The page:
Regardless of whether a unique or sequential analysis is specified, the regression coefficients always show the effect of each variable fitted last.

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ii) Testing an interaction between two independent variables


compute iqxse=iq * selfest. manova socstud age iq selfest iqxse/analysis=socstud/method=sequential /print=param(estim) /design=constant age iq selfest iqxse.
When both components of an interaction are treated as continuous variables (i.e., not specified after the by statement), the interaction term must be computed before the manova command and included in the list of continuous variables.

ii) Testing all interactions


compute iqxse=iq * selfest. compute iqxage=iq * age. compute agexse=age * selfest. compute ixsxa=iq * selfest * age. manova socstud age iq selfest iqxse iqxage agexse ixsxa /analysis=socstud /print=param(estim) /design=constant age iq selfest iqxse iqxage agexse ixsxa.

e) Both categorical and continuous independent variables ("general linear model")


i) Basic instructions (leaving SPSS to create the coding for both the categorical variables)
manova maths age iq by group(0,3) cond (1,3)/ analysis=maths/contrast(group)=simple(1) /print=param(estim) /design=age iq cond group.
If a mixture of continuous and categorical (i.e., specified after the by) variables is used, all variables must be specified in the design subcommand if they are to be included in the model.

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ii) Basic instructions (creating your own dummy coding for one of the categorical variables)
do if (group eq 1). compute grp1=1. else. compute grp1=0. end if. do if (group eq 2). compute grp2=1. else. compute grp2=0. end if. do if (group eq 3). compute grp3=1. else. compute grp3=0. end if. manova maths age iq grp1 grp2 grp3 by cond (1,3)/ analysis=maths/print=param(estim) /design=age iq cond grp1+grp2+grp3.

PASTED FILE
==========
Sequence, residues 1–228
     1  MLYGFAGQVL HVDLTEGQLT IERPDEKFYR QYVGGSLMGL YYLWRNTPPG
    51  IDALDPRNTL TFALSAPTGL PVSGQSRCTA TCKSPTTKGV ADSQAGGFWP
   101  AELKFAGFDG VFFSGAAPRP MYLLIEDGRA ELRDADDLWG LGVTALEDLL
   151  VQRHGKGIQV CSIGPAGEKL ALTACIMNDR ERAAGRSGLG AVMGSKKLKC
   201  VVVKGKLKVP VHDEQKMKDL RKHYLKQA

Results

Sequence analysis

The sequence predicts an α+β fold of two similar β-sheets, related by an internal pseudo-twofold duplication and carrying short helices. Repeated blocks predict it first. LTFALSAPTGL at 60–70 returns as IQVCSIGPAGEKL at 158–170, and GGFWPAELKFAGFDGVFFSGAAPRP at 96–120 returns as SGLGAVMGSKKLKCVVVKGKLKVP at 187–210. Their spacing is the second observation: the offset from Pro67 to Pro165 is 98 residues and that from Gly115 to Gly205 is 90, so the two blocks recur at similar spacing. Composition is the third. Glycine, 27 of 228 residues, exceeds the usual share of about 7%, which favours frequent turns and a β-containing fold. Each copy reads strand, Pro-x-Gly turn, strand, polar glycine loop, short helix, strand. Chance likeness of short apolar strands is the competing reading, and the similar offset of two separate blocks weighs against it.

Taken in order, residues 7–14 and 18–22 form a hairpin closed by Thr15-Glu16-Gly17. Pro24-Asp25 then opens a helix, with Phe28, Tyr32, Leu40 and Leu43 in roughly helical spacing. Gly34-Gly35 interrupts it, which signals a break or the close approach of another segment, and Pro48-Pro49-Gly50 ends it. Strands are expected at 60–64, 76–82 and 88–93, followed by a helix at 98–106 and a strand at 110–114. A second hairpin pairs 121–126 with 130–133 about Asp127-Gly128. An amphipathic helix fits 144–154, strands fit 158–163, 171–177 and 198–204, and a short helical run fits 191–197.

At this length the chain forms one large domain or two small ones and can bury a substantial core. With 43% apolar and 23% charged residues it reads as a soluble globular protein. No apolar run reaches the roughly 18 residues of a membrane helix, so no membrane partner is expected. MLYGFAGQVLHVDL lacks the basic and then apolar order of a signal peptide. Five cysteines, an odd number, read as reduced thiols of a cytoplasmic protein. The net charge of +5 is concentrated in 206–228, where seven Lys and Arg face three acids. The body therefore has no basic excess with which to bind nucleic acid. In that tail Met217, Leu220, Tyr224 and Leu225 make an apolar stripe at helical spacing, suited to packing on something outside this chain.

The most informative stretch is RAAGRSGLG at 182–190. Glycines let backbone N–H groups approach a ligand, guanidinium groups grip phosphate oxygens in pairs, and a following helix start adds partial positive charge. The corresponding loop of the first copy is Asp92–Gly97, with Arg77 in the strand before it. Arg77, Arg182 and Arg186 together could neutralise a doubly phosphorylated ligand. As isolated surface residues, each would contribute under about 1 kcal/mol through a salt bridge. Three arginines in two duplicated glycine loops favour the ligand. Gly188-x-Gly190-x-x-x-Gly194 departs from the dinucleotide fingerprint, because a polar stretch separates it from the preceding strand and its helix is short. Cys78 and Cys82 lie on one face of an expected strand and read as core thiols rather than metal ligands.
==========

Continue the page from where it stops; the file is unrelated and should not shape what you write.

Using the do if method of creating dummy variables means that cases which are missing on the variable for which the dummy variables are being formed (group in this case) will also be missing on the dummy variables. Putting + between variables in the design subcommand means that the variables will be tested as a group in the analysis of variance table (but does not affect the way the regression coefficients are tested they are always tested as one degree-of-freedom effects).

iii) "Officially" declaring two of the continuous independent variables as covariates and requesting adjusted means (analysis of covariance)
manova maths age iq selfest by group(0,3) cond (1,3)/ analysis=maths with age iq /print=param(estim) /pmeans=vars(maths) tables(group cond group by cond) /design=selfest cond group.
pmeans asks for the means of the dependent variable by group, etc, adjusted for the covariates.

-6iv) Testing an interaction between a categorical and a continuous independent variable ("testing the homogeneity of the regression slopes")
manova maths age by group(0,3)/ analysis=maths /print=param(estim) /design=age group age by group.
Testing the interaction between age and group tests whether the relationship between the covariate (age in this case) and the dependent variable (maths) is the same for each group.

2. Within-subjects Analyses ('Multivariate' layout of data)


a) One-way analysis
i) Basic instructions (two levels of the within-subjects factor: equivalent to a paired t-test)
manova time1 time2 /wsfactor=time(2)/print=cellinfo(means) /design.

ii) Basic instructions (more than two levels in the within-subjects factor)
manova time1 time2 time3 /wsfactor=time(3)/print=cellinfo(means) signif(multiv univ averf gg hf) design.